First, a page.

Consumption When children's hobbies become expensive

Great that your children care passionately about their hobbies. But how much should these hobbies cost?

Is it fair if your son's riding lessons cost 2,300 Swiss francs a year, but your daughter's football training only 300 francs? Of course, it's a pleasure when your children pursue their hobbies with passion. But is money really no object? And what do you do if one hobby costs much less than the other? Your children may even ask you about the cost themselves. As parents, it would naturally be easier to avoid the question entirely or gloss over any differences. But that’s not the best idea. After all, as they grow older, children should learn to appreciate how much things cost.

Sibling rivalry

Certain sibling rivalries are to be expected. All children vie for the affection and recognition of their parents. When a child notices their parents are spending more money on one sibling, they may well protest, insisting it isn't fair. But what is fair in this case? Does fairness demand that all hobbies cost the same? Or is fairness when each child is free to pursue their chosen hobby? Presumably parents agree to support a particular hobby because the hobby genuinely reflects the child's interest and can be practiced somewhere nearby. You absolutely can discuss these ideas about fairness around the family dinner table.

You can't measure love with money

Financial inequities between siblings are inevitable. Maybe one child will attend high school and requires financial support, while the other might take up an apprenticeship and must contribute to the family's monthly housing expenses. We can't predict the future, and treating your children the same financially at all times is unrealistic. That's why it’s all the more important for parents to clarify that different expenditures have nothing to do with affection or proof of love. Naturally, there should be a cap as to how much you spend on a hobby, defined by the family budget. If the family budget can't be stretched any further, it’s the parents’ job to say “No.”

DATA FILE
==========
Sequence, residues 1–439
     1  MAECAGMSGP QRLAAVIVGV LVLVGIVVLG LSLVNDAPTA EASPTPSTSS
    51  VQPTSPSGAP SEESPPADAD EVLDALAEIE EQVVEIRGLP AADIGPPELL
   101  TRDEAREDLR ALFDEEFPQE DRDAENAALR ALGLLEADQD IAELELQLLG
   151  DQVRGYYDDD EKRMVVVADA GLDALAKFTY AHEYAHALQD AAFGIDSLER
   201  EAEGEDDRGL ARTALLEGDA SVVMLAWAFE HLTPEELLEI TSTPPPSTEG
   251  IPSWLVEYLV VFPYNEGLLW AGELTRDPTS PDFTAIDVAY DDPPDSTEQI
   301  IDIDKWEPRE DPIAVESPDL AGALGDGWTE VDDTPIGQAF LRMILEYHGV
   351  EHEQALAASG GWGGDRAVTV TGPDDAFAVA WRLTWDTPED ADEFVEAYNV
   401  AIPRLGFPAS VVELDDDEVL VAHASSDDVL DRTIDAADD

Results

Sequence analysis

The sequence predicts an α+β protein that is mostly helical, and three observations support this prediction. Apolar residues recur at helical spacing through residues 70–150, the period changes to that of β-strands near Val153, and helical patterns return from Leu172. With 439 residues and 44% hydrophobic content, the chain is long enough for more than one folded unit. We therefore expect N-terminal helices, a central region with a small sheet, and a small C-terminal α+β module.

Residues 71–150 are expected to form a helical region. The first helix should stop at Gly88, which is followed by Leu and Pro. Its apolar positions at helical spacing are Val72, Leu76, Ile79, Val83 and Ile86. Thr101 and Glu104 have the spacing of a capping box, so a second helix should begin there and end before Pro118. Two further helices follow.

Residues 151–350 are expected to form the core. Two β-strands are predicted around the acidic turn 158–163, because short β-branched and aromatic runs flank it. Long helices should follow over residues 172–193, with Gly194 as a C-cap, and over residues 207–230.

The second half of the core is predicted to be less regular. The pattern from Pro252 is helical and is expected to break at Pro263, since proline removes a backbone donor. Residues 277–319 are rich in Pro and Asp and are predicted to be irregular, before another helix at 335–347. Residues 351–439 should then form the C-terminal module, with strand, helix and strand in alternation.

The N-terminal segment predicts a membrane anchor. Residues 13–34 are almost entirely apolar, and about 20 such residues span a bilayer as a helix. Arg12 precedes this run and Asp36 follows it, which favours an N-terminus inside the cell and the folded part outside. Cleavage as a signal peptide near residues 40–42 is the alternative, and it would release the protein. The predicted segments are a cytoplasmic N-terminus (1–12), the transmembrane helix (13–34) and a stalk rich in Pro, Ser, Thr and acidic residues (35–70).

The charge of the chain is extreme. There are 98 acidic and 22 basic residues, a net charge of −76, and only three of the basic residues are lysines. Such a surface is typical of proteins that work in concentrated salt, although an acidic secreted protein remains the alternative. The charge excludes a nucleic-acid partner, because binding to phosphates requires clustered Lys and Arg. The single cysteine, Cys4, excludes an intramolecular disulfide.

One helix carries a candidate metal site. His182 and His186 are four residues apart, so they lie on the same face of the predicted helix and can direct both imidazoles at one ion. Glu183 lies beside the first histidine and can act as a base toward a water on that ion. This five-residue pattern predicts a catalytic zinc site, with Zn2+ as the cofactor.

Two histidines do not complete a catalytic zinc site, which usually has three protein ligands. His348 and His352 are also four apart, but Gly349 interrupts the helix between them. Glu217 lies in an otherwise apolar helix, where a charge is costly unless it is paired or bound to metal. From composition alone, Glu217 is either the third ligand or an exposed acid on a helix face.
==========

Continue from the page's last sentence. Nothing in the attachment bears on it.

For example, if a child dreams of sailing or a motor sport, their parents mustn't only think about safety or access to a lake or racetrack. Can the family afford such expensive activities without completely sacrificing vacations and other nice treats? If all members of the family would have to tighten their belts so that one child can follow their dream, the decision should be discussed with everyone and agreed by the whole family. It might also make sense to look for a similar, less expensive activity. Or the teenager could take on a portion of the financial burden by working vacation jobs to defray the extra costs. What’s important is that children know that you love them. How much leisure activities cost plays no role in that.

The key points in a nutshell

  • Be transparent about how much a hobby costs. As they grow older, children should develop an understanding of the cost of living.
  • Rivalry between siblings is normal and part of their development. But don't leave your children alone to argue over costs. Discuss the topic together as a family.
  • When choosing a hobby, consider whether it even fits into the family budget over the medium term. If not, look for alternatives together.
  • Talk to your children about their sense of fairness. What is fairness? Is it when all the family's hobbies cost the same? Or when each member can pursue their particular interest?
  • Set limits. If the riding lessons also involve a riding camp, that could be a good birthday or Christmas present.

UBS’s educational principles

This article was written in collaboration with educator Marianne Heller, who has years of experience in teaching financial education and debt prevention programs for children and young people.

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